Btw, you know how we used to always blame Activision for screwing Blizzard up?

Go check "ACTI" filings and you'll see that Mike Morhaime got $16M in 2010 and arch-villain Bobby Kotick only got $5M.

So yes, RMAH is all about Blizzard being Blizzard. Fanboys need to wake up.
 
Interesting...I remember your post that games are Hobby and that it is right to spent real money to games cause they are your hobby...

You also have chosen the example with the Golf player and that a wise Golf player would spent a lot of money to buy a good Golf Stick...

I was in the opposite side of you but I am glad you are in our side now :P
 
People are not going to want to lose money learning the rmah. I beleive that they will want valuable guides to show them the way. The game is not competitive so most likely pvp/pve guides will not sell like they do in wow.

I can understand why you don't like the rmah, but look at what is happening to mmo's these days. They are all experimenting with different business models. Very few are able to charge a straight fee.

This could be the evolution of mmo's or a total fluke. I'm betting on the former.
 
The RMAH will affect any multiplayer situation [...]

Err... like how? You mean the multiplayer situations in which you invite random strangers into your own instance of the game? Or you join random strangers' games? There isn't actually a community by default here; there is no hanging out AFK by the mailbox where people can check you out.

And of course it is zero-sum. Just like World of Tanks is zero-sum, LotRO is zero-sum, any game with RMT is "zero-sum." This is assuming, of course, you consider capitalism a zero-sum exchange rather than trading equivalent value for value (if someone didn't think Sword of Uberness was worth $30, why did they buy it?).
 
The argument that people won't spend money is made invalid by the existence of LOTRO, DDO, Glitch, DCUO, STO and dozens of other games that do not require you to spend a dime in order to play - yet still make large sums of money. Did people need a Sparkle Pony in WoW? Did Blizzard make less than 20 million off it?

People are stupid and stupid people do stupid things. People bought gold in D2 and traded that gold for items in-game. The RMAH is no different.
 
As I understand it, to sell an item for money in the Blizzard economy, you have to pay TWO fees per transaction. One to put it up, one to sell it. They take .15 to even put the item up (non-refundable) and .65 to SELL the item. And then they take a fee per sale to withdraw the money from the blizzard economy.

So to put it one way, if you sell an item for $1.00, Blizzard eats 80% of your price before you even pay the fee to extract your money. And keep in mind there will be a competing AH loaded with items you can get for in game gold.

Basically Blizzard is setting the system up to work so that it's virtually impossible for a seller to extract money from the system. The vast majority of the items you get will not be worth fees required to sell it. You will be working against tends of thousands of normal players who will underbid the market price to get a quick profit (and it costs you real money to list the item). Presumably the really valuable epics won't be worth that much money (even $50 or $100 per really rare epic wouldn't cover the minimum wage required to grind the thing), and items you can count on getting on a regular basis will mostly be worthless and/or very low margin.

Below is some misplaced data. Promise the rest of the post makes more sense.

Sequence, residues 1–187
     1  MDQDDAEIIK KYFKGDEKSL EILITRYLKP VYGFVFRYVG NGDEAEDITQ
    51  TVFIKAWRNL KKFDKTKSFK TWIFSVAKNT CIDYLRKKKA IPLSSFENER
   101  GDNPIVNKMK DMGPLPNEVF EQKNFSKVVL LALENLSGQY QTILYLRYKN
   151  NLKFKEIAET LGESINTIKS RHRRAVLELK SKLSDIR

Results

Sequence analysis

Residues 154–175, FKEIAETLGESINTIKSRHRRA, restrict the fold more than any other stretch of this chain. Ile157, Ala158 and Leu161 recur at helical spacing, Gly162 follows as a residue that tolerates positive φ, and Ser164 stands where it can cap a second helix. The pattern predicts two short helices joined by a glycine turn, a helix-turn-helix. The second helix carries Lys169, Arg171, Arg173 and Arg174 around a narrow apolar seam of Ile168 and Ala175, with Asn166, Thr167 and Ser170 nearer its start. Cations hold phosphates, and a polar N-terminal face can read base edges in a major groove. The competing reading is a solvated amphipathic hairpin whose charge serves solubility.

So basically I'm seeing the RMT system as a nice way for Blizzard to get the richer players to subsidize the poorer player's subscription fees. The system is designed to put the vast majority of the cash in Blizzard's wallet.
 
Put it this way: If it takes you 100 hours on average to get an item that sells for $500, you just made $5/hour.

If you get an item that on average drops once every 10 hours you want to sell for 50 bucks, if 50000 people play one hour during the time you were grinding that, that means that 5000 copies of that item dropped during your shift.

How long do you think that $50 price is going to last when every day 10000 or 15000 copies of an item drop? These items are apparently unperishable. So eventually people will be floating up to their eyeballs in any item you can reasonably hope to grind, and the items that remain rare will take so much labor as to be wildly impractical as a genuine way to make money.

In short, you don't make much money as a gold miner. You make money owning the mine. Blizz owns the mine.
 
The real money thing will never happen. If Blizzard releases it they will shut it down real fast. Its bad for the industry as its exploit and misuse will harm our profile - seriously.

The first who cashes out D3 money in USA to buy a bomb and explode it might shut down the whole game industry
 
I don't see how RMAH is more a "social disaster" than the gold ammo and gold tanks in World of Tanks.

People all the time whine after being killed that "damn l00ser gold ammo user" and "fkin Löwe".

Winners are going to adapt and losers are going to cry no matter the paying system.
 
I fully agree that pay to win is problematic in other cases as well. But in games like World of Tanks the money only goes one way, from the players to the company. It is a huge step change when money goes out again to players, and people start looking at their fellow players as "marks" or "victims" to be scammed.